Hagan alert: Where oh where has our senator been? Certainly not keeping promises.
When election time rolls around, all of a sudden, North Carolina politicians figure out that there is a highway that leads out of Raleigh -- and it does not just go to Charlotte, Winston-Salem or Greensboro.
That is when they come to stump in eastern North Carolina and promise to work hard to remember the needs of those who live outside the metro areas.
And then, we hear them ... crickets ... as the needs of the bigger cities -- and sometimes the calls from Washington -- supercede any recollection that there is a part of the state where promises were made that have not been kept.
So is the story of Sen. Kay Hagan.
Sad to say, it really seems as if she was not elected at all if you look at what she has done for North Carolina in general and the eastern region in specific.
In fact, are we even sure she is still IN Washington? The only evidence really is when she comes out in support of some initiative by President Barack Obama or parrots the comments of state and local officials, especially as they relate to the military.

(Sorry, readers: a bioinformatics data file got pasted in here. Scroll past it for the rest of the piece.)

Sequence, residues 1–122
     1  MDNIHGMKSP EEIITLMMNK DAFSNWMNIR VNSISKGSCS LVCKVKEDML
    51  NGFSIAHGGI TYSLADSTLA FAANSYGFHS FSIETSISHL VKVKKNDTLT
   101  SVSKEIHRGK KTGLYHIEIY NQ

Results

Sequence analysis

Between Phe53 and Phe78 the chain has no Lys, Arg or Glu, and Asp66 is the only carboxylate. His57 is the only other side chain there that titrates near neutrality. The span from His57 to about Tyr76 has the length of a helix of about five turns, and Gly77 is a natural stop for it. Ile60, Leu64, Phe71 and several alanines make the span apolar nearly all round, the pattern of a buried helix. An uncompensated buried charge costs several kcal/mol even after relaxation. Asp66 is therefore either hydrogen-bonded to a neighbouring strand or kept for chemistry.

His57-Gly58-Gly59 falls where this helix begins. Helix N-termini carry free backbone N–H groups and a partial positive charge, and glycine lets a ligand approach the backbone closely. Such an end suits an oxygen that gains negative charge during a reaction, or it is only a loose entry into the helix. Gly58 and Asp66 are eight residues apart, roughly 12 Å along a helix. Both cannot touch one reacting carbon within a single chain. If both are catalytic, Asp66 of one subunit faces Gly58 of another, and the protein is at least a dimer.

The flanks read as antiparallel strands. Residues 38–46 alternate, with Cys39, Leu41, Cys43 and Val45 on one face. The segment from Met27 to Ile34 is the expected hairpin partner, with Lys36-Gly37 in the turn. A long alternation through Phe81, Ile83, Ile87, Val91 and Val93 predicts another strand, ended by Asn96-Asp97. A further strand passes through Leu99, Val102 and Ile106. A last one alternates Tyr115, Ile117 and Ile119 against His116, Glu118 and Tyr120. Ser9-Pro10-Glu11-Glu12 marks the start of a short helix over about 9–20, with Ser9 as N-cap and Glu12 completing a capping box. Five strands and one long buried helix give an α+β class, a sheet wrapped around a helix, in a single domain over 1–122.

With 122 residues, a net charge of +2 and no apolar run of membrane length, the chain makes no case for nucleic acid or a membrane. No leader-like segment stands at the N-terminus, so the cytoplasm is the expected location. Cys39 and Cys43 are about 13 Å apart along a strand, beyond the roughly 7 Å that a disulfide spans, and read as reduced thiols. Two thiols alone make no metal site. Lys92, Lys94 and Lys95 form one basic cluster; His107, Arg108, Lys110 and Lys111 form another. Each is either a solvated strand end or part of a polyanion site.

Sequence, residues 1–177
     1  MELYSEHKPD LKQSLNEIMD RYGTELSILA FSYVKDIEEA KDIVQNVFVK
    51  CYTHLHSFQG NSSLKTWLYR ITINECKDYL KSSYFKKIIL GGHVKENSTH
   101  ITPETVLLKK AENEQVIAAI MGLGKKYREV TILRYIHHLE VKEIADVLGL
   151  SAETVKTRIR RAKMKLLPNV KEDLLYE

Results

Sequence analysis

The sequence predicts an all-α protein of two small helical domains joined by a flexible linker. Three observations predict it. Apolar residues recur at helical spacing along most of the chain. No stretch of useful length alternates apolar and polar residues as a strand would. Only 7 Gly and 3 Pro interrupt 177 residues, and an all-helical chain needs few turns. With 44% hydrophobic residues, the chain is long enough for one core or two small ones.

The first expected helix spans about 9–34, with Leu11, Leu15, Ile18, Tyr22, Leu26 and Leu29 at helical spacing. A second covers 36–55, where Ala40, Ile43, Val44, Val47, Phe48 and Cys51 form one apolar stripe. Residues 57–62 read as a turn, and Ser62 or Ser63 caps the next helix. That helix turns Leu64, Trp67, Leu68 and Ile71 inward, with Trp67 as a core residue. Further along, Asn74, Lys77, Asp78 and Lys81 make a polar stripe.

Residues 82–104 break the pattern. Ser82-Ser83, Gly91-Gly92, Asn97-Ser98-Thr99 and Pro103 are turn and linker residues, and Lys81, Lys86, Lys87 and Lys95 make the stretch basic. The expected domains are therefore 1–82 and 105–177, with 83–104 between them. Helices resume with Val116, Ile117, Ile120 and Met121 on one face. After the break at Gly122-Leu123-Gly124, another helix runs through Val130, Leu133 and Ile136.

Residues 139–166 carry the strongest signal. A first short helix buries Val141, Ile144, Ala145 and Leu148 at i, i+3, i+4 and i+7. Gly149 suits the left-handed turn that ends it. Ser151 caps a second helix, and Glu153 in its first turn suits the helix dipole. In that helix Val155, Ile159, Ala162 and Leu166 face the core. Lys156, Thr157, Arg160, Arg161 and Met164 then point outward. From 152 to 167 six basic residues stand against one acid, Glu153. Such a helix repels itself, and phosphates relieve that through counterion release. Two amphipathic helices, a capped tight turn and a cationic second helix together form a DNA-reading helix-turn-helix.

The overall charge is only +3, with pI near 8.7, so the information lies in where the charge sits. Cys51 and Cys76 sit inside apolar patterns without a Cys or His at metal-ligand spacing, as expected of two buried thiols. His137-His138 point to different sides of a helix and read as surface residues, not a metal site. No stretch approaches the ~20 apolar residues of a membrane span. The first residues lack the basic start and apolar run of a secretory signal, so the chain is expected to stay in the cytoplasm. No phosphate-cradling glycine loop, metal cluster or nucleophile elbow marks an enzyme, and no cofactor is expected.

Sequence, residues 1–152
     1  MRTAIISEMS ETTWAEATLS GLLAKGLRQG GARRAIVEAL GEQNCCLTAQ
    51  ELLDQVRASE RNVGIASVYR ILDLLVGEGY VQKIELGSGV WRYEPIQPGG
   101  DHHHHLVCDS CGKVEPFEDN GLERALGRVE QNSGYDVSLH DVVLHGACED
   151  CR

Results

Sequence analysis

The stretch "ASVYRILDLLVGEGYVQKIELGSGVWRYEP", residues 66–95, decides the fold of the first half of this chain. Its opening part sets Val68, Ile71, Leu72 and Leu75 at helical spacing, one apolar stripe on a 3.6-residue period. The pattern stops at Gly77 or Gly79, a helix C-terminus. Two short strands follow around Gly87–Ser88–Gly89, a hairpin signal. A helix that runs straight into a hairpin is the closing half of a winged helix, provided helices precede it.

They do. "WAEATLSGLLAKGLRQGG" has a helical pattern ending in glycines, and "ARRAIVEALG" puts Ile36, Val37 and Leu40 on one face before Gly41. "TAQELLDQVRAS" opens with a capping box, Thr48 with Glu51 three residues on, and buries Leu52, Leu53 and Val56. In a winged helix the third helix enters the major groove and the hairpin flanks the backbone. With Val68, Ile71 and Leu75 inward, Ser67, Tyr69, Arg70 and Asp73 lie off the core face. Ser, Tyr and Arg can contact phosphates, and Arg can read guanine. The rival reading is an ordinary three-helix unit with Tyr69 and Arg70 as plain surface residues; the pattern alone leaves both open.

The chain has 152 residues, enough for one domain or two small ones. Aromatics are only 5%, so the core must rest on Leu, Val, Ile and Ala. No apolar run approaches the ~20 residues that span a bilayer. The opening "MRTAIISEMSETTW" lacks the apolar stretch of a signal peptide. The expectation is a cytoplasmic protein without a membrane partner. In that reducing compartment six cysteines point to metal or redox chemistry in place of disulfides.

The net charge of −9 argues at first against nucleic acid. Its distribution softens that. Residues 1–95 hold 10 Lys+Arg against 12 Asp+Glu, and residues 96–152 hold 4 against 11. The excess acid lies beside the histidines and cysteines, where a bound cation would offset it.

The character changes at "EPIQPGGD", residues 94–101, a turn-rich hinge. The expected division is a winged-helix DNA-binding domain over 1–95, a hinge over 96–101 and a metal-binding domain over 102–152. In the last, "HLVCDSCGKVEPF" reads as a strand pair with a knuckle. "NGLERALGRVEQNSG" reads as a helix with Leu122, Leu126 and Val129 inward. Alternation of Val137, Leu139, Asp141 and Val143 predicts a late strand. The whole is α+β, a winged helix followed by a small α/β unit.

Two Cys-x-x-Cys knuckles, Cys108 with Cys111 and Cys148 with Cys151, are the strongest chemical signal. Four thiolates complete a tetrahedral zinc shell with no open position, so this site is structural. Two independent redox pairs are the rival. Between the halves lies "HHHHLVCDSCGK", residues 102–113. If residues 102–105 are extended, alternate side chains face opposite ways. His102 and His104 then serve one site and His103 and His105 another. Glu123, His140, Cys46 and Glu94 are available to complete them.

This senator's invisibility cloak suggests that perhaps we need to add another category to the list of qualifications by which we will judge those we elect to state and federal office in the coming year -- and really local office, too.
Call it being present.
It seems like the age of electing a candidate to office because he or she kisses babies in your district before Election Day is over. It very likely will take more to be the next governor of North Carolina -- or the next president of the United States for that matter.
But just in case -- a reminder.
When an officeholder or candidate does not make him or herself visible in a portion of his or her district, he or she is conscious of the fact that there are more squeaky wheels and more votes elsewhere.
When an officeholder sides with his or her party or president in direct opposition to what is good for his or her state or community, that person's loyalties and priorities are focused elsewhere.
In these tough economic times, being an officeholder is turning into a pretty good job. Where else can you get guaranteed, low-cost health care and an ironclad pension program for only a couple years work?
We need to make our interviews tougher and our standards higher -- and we need to start with some tough questions for our junior senator.
Published in Editorials on November 5, 2011 11:19 PM